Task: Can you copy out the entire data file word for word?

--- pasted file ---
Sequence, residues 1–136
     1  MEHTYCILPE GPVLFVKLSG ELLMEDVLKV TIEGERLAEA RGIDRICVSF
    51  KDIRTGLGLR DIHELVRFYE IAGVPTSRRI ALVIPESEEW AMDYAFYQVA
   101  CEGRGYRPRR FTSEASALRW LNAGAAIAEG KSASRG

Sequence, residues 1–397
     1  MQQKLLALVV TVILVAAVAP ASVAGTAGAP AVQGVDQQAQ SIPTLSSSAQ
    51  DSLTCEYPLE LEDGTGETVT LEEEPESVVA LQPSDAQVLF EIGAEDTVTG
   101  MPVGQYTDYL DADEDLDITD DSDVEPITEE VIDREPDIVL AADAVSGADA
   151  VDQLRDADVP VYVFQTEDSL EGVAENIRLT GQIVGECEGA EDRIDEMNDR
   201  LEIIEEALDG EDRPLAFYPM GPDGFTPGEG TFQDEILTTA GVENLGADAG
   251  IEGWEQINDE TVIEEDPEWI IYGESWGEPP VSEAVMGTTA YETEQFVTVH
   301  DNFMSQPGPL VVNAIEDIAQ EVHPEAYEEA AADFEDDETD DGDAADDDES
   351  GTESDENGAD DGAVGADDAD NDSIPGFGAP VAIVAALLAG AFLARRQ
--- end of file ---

Sequence, residues 1–136
     1  MEHTYCILPE GPVLFVKLSG ELLMEDVLKV TIEGERLAEA RGIDRICVSF
    51  KDIRTGLGLR DIHELVRFYE IAGVPTSRRI ALVIPESEEW AMDYAFYQVA
   101  CEGRGYRPRR FTSEASALRW LNAGAAIAEG KSASRG

Sequence, residues 1–397
     1  MQQKLLALVV TVILVAAVAP ASVAGTAGAP AVQGVDQQAQ SIPTLSSSAQ
    51  DSLTCEYPLE LEDGTGETVT LEEEPESVVA LQPSDAQVLF EIGAEDTVTG
   101  MPVGQYTDYL DADEDLDITD DSDVEPITEE VIDREPDIVL AADAVSGADA
   151  VDQLRDADVP VYVFQTEDSL EGVAENIRLT GQIVGECEGA EDRIDEMNDR
   201  LEIIEEALDG EDRPLAFYPM GPDGFTPGEG TFQDEILTTA GVENLGADAG
   251  IEGWEQINDE TVIEEDPEWI IYGESWGEPP VSEAVMGTTA YETEQFVTVH
   301  DNFMSQPGPL VVNAIEDIAQ EVHPEAYEEA AADFEDDETD DGDAADDDES
   351  GTESDENGAD DGAVGADDAD NDSIPGFGAP VAIVAALLAG AFLARRQ